Love ’em or hate ’em, for many of us, pacifiers are a necessity. It’s estimated that anywhere from 75% – 85% of babies and toddlers have used a pacifier for soothing at some point. And it’s understandable! Pacifiers can be a great way to provide instant soothing and to calm fussy, inconsolable babies or toddlers. (That’s the love ’em part!)
But the problem is that pacifier use can quickly become habitual. Before you know it, offering a pacifier occasionally for comfort turns into offering a pacifier constantly, so that you can get your baby or toddler to sleep. And that can turn into being woken multiple times each night by a little one who is screaming for you to come and replace the pacifier that fell out of her mouth. (That’s the hate ’em part!)
We’ve written before about pacifiers and sleep: check out this article on pacifier basics, and this one on how and when to wean from the pacifier. But today, we’re taking a look at something new. Today, we’re talking about a super clever pacifier trick that every parent with a pacifier-loving little one at home should know.
What’s the trick? How does it work? Read on, readers. This one’s too good to miss!
‘The Dream Paci’ Tip, Care of The Hint Mama
Today’s pacifier tip actually comes from a friend of The Baby Sleep Site – it’s from Jennifer Saranow Schultz, also known as Hint Mama. Jennifer’s blog is known for its practical tips, designed to make parenting cheaper, easier, and (as she puts it) a bit more humorous!
All of Jennifer’s tips are great, but we were particularly excited about her ‘Dream Paci’ tip. We knew this was one that our own readers would appreciate. So, with Jennifer’s permission, we’re bringing The Dream Paci Tip to you today!
‘The Dream Paci’ Tip – How It Works
The Dream Paci Tip is basically a variation on the idea of a Dream Feed. Many of you are no doubt familiar with that idea – basically, you sneak into your baby’s room at night, after he’s fallen asleep, and wake him slightly. You wake him just enough to eat, but not so much that he’s entirely awake. The idea is that by ‘topping off’ with breastmilk or formula, you can actually increase the time between night feeds, and get a bit more sleep yourself.
The Dream Paci is similar – only it involves pacifiers, obviously ;). Here’s Hint Mama’s explanation. (The post actually came from her husband. He handles their toddler’s night wakings.)
…after several nights of waking up multiple times throughout the night to replace a missing pacifier, I followed a trick mentioned in many sleep training books and “sprinkled” multiple pacifiers (usually about six) in the crib when we said goodnight to our daughter. This “sprinkle,” which made it easy for our daughter to pick up a replacement pacifier in the middle of the night and go back to sleep without screaming, worked like a charm for about a month or so.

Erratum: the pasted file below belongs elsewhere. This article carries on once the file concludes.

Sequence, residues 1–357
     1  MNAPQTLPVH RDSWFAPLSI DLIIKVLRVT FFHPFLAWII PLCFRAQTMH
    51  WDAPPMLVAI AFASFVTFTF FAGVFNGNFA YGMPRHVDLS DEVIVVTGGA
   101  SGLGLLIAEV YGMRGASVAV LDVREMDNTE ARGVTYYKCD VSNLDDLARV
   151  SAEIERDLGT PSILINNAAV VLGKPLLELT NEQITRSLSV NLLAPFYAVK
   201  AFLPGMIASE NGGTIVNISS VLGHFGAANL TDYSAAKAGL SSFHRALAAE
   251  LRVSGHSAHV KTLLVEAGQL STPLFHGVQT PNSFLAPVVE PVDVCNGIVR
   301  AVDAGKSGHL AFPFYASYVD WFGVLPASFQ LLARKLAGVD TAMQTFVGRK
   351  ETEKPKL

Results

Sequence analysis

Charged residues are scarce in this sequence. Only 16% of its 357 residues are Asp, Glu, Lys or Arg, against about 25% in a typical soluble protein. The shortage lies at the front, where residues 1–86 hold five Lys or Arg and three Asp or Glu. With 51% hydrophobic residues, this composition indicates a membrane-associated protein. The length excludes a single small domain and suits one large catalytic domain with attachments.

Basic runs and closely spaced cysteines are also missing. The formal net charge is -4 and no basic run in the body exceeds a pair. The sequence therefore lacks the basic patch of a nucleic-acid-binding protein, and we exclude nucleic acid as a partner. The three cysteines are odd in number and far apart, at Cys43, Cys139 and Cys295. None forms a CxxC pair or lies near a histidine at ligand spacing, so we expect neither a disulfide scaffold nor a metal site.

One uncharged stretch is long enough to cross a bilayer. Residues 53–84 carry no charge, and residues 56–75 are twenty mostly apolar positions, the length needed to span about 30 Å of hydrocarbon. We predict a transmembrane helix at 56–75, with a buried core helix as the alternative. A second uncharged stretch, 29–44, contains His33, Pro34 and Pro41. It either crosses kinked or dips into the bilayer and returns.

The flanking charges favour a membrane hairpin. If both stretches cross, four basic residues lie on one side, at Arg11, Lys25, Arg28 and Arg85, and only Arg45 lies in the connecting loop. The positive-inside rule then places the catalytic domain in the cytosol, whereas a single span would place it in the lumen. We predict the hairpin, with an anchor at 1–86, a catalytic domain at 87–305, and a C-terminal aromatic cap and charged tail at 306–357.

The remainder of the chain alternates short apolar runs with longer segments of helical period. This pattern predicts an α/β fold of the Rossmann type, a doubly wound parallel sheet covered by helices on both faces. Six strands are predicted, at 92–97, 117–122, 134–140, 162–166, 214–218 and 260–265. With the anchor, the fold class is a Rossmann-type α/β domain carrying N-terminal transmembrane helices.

Then, our little pumpkin caught on to our trick and thought it would be a fun game to throw all the pacifiers out of the crib while she settled in for the night. Each evening, we could hear the sound of pacifiers bouncing on the ground one after the other, and she was back to waking up in the middle of the night screaming for us to come in and give her a pacifier.
And there was no question that she was doing this intentionally. One night, we watched on the video baby monitor as she pushed pacifiers through the holes in her crib onto the floor and even stood up to chuck one pacifier against the wall in her bedroom.
That’s when I came up with the “Dream Paci.” It works like this: Instead of putting all the pacifiers into our daughter’s crib when we tuck her in and she’s awake and aware that they are there, I now place two in the crib when she’s awake (and she throws these out of the crib as expected). Then, I tiptoe into her room later in the evening when she’s dreaming and fast asleep, and scatter the six pacifiers all around her crib.
If you decide to try The Dream Paci, however, just be sure that you don’t accidentally wake your baby or toddler up when you sneak into the room to do the pacifier sprinkle! That happened to Jennifer’s husband once:
So far, this trick has generally worked like a charm. The one exception: One night I woke our daughter up by accident when trying to sneak into her room. In retrospect, I probably went in before our daughter was fully asleep. So my advice to others trying to employ this trick would be to wait to do the dream paci until it’s been at least an hour from when your little one is asleep.
One final note, before we wrap up. Remember that pacifier associations can be strong for lots of babies and toddlers. And while tips like this can be great solutions for some families, other families may find themselves in a position where they need to buckle down and solve the pacifier association once and for all. This is especially true for those families whose sleep is being seriously disrupted by the constant pacifier-related night wakings.